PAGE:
Policy Considerations – Is the Legislation Well Conceived?

Beyond the legal arguments for and against the validity of the Act, there are also a number of relevant policy arguments that highlight the potential value and limitations of the legislation. These are important to consider because they offer insight into whether, beyond any issues of constitutional validity, the legislation will be beneficial for Canadians and its broader impacts on the legislative landscape in Canada.

First, the Department of Justice argues that establishing a criminal prohibition against genetic discrimination would be inconsistent with the prior policy of addressing discrimination solely through human rights legislation (The Minister of Justice, “Government Position Regarding Bill S-201, An Act to prohibit and prevent genetic discrimination” (Brief delivered at the Standing Committee on Justice and Human Rights, 17 November 2016) at 3 [unpublished]). As genetic discrimination is by no means distinct from other forms of discrimination, there appears little rationale for giving it a unique status. Further, as the penalties for contravening the Act are more serious than those for contravening human rights laws, enacting the legislation would be tantamount to saying that discrimination on the basis of genetics is worse than discriminating on the basis of other grounds enumerated in human rights legislation. In my opinion, this is a persuasive argument against the current form of the legislation as it highlights inconsistencies in the logic behind the Act.

In response to these arguments, Professor Ryder raises two points against a reliance solely on human rights legislation. First, Ryder suggests that as the Canadian Human Rights Act, RSC 1985, c H-6, does “not apply to most employers and a wide range of service providers who fall within provincial jurisdiction,” reliance on such legislation would leave gaps in protection (Ryder, Brief, 6). Second, on the issue of provincial human rights codes—which would be relied on to fill these gaps—Ryder points to the fact that only Ontario has introduced a bill to amend its human rights code to “add “genetic characteristics” as a prohibited ground of discrimination” (Ryder, Brief, 6). In essence, to rely solely on human rights legislation is to allow for a continued gap in protection against genetic discrimination. These arguments are also persuasive as they suggest that while perhaps somewhat inconsistent with prior treatment of issues of discrimination, the creation of a blanket criminal prohibition will be the most effective means of ensuring individual protection.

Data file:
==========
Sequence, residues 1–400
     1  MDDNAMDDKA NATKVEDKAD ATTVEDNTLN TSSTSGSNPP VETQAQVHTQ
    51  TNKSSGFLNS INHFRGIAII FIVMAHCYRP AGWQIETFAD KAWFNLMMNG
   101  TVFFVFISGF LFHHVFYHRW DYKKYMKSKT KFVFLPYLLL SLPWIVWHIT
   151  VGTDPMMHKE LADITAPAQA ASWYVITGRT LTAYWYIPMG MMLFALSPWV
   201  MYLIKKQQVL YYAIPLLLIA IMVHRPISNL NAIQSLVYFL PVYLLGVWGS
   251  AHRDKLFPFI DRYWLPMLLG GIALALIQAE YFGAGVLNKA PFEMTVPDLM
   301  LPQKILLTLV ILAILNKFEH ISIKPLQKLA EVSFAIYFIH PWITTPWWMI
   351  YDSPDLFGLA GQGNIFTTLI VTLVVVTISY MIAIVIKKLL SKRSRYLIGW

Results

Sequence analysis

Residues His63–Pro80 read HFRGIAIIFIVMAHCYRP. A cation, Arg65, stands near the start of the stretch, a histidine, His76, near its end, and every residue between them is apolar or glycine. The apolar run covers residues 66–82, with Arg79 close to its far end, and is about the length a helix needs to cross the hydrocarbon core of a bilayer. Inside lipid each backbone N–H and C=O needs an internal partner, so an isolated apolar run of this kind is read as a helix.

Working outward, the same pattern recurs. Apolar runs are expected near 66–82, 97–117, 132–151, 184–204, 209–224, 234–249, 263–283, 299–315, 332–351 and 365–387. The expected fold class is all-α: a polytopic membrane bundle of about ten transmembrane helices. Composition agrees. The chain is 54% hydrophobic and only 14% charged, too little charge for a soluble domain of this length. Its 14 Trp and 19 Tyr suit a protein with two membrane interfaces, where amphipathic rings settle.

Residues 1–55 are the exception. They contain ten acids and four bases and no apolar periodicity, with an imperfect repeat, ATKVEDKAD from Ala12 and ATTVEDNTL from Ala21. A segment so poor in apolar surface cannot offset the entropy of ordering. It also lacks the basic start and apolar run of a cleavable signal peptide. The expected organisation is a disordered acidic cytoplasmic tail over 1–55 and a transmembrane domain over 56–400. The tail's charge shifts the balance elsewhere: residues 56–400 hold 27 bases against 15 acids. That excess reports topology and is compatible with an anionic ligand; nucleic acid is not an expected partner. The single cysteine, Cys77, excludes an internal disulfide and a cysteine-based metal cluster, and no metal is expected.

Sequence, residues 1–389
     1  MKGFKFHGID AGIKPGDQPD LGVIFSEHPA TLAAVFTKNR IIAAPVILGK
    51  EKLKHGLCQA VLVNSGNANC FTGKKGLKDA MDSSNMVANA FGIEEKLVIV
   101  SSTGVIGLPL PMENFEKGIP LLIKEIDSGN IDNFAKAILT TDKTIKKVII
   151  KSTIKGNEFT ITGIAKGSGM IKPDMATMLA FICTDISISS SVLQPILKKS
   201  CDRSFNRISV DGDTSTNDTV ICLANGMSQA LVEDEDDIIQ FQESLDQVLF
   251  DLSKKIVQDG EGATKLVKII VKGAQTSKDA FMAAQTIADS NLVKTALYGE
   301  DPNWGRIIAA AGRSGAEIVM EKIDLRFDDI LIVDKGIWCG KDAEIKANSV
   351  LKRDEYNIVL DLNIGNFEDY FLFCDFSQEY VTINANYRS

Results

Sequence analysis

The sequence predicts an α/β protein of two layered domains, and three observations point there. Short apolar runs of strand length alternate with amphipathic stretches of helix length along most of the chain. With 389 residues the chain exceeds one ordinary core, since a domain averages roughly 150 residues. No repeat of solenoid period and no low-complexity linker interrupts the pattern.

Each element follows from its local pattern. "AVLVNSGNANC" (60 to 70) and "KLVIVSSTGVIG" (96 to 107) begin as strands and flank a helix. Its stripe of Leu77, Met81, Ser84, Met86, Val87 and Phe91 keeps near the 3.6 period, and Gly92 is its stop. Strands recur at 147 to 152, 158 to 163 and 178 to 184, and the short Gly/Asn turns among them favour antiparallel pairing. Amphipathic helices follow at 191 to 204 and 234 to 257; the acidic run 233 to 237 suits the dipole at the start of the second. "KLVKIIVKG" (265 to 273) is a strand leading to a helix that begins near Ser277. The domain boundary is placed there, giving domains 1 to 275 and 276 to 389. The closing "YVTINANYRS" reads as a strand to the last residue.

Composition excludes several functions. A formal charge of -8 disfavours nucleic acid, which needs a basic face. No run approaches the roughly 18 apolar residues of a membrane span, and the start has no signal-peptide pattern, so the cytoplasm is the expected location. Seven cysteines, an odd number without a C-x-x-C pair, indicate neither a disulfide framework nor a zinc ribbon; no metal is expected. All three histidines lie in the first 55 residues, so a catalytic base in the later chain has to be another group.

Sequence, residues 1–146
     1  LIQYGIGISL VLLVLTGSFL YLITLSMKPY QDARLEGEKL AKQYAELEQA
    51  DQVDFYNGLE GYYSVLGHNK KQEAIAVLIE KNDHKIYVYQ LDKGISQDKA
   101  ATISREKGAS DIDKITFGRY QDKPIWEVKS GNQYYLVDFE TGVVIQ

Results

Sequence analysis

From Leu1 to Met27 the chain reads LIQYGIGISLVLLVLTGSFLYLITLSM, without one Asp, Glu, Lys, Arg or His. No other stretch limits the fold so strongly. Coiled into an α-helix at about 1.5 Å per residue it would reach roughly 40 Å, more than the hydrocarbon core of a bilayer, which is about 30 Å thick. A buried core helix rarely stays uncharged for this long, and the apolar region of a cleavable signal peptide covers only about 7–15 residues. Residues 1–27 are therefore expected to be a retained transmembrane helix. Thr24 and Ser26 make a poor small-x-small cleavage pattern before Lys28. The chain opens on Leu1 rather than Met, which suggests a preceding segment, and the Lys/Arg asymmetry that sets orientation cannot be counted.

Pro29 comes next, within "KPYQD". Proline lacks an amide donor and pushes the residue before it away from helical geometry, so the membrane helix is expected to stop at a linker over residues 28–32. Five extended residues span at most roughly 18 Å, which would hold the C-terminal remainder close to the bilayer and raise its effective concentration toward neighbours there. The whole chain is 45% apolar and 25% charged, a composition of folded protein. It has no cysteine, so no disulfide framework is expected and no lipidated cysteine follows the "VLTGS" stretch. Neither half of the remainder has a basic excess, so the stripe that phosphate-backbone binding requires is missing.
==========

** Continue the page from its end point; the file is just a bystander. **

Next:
In my view, the strongest arguments challenging the Genetic Non-Discrimination Act are those that seek to amend rather than to invalidate it. I would suggest two such amendments to bring the Act into alignment with other like-minded legislation (i.e. human rights legislation) and to ensure its benefit to Canadians: First, that the penalty provisions be redrafted to be more in line with existing human rights standards which typically call for less severe punishment, and second, that there be a mandatory statutory review in three years to ensure the efficacy of the legislation and its ongoing relevance for Canadians. In particular, this review should consider whether the Act is actually providing the desired protection against genetic discrimination, and whether it remains the best way to ensure such protection. Both of these amendments would help reduce the threat of the legislation enabling a situation in which genetic discrimination is afforded a unique status in Canadian law.


On the whole, the constitutional arguments for the validity of the Genetic Non-Discrimination Act are stronger than those for invalidity. The legislation appears to be solely focused on the prohibition of genetic discrimination of all kinds. In my mind, this objective falls cleanly within Justice Rand’s formulation of the criminal law power (prohibition, penal sanction, public purpose) as it aims to protect the security and health of Canadians. Further, the use of the phrase “any person” as well as the broad scope of the terms “goods or services,” “contract or agreement,” and “terms or conditions” make it clear that the Act intends to fully close the gap in the law identified by Senator Cowan. If anything, the Act may suffer from being too broad and blunt in its formulation as it may be the case that there are groups other than medical practitioners and researchers that have a valid use for genetic information but will be prohibited by the legislation from accessing it. As such, it seems a difficult task to convince a court that the Act is in fact a complex regulatory scheme aimed at interfering with the insurance industry.

There is no doubt that the Act will lead to practical consequences for the insurers, and in all likelihood, will inhibit the industry’s ability to accurately actuarialize its customers with the degree of precision that the industry may desire. However, these consequences are merely incidental to the dominant goal of protecting the health of Canadians and thus the legislation is likely a valid use of the federal criminal law power. Though inconsequential to the constitutional analysis, the creation of a criminal prohibition against genetic discrimination seems, on balance, the most appropriate means of protecting Canadians.

Devon Kapoor

Devon is currently in his his fourth year of the JD/MBA program at Osgoode Hall Law School and the Schulich School of Business. Previously, he completed his BA (Joint Honours) in English and Philosophy at McGill University. He is developing a broad interest in several substantive areas of law, including criminal, constitutional, and securities law.